The surface meteorological chart above depicts the current surface conditions at chosen sights across North America. This map, updated shortly after each hour, illustrates the present weather patterns and the location of storm systems over the continental United States.
The hourly observations (updated every hour) contain information about surface temperature and dew point temperature in degrees Fahrenheit, sea level pressure, wind speed and direction, cloud cover, and type of weather conditions occurring at each surface station during the last hour. The hourly observations link provides detailed information on how to decode and interpret the numbers and symbols at each station. The blue contours called isobars and depict areas of High and Low pressure.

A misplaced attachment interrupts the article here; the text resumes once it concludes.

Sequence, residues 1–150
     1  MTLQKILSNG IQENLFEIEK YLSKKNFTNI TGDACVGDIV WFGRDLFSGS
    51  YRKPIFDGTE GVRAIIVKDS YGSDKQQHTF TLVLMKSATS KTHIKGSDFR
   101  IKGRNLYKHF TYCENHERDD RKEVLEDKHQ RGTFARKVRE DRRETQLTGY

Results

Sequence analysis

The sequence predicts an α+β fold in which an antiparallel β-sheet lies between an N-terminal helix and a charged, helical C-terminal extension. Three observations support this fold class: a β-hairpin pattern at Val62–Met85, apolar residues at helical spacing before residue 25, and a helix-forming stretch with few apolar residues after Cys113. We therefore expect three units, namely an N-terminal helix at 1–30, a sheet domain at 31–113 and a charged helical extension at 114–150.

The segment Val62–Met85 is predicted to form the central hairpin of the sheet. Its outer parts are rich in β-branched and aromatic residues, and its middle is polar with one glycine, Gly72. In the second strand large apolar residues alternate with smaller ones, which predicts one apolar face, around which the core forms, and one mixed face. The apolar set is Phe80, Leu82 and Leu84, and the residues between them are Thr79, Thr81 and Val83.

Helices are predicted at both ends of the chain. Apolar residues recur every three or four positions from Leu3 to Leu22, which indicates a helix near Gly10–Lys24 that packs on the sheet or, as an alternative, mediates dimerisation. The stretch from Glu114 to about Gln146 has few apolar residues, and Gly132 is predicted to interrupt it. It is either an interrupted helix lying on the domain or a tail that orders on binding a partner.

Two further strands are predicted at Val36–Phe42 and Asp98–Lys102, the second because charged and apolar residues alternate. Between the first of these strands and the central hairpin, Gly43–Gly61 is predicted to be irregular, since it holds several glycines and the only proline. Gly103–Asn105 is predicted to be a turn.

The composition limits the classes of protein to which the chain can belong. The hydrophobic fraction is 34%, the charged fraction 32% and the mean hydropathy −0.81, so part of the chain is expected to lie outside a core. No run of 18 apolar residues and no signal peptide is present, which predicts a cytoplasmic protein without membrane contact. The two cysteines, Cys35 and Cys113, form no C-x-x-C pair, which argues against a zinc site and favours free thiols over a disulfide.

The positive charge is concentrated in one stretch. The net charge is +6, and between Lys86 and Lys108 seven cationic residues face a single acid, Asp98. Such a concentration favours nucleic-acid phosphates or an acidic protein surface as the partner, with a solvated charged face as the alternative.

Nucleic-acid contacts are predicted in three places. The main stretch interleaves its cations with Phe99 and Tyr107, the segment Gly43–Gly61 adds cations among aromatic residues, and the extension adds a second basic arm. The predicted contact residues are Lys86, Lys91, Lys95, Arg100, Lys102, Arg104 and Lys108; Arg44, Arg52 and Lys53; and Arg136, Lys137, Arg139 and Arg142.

In the background, radar reflectivity data depict areas of precipitation occurring during the past hour. The strongest echoes (refer to the color scale) during the warm season indicate areas of intense rain and/or hail, generally associated with deep convection. For more information about the radar data refer to radar images.
The low pressure centers over United States are often referred to as midlatitude cyclones and can be identified as a minimum in the pressure field, and an area of cyclonic circulation of the surface flow. These storm systems are typically characterized by cloud cover in the vicinity of the low pressure center, relatively warm and moist flow with a southerly component ahead of the cold front and colder and drier airmass behind it, as well as areas of precipitation associated with both warm and cold fronts.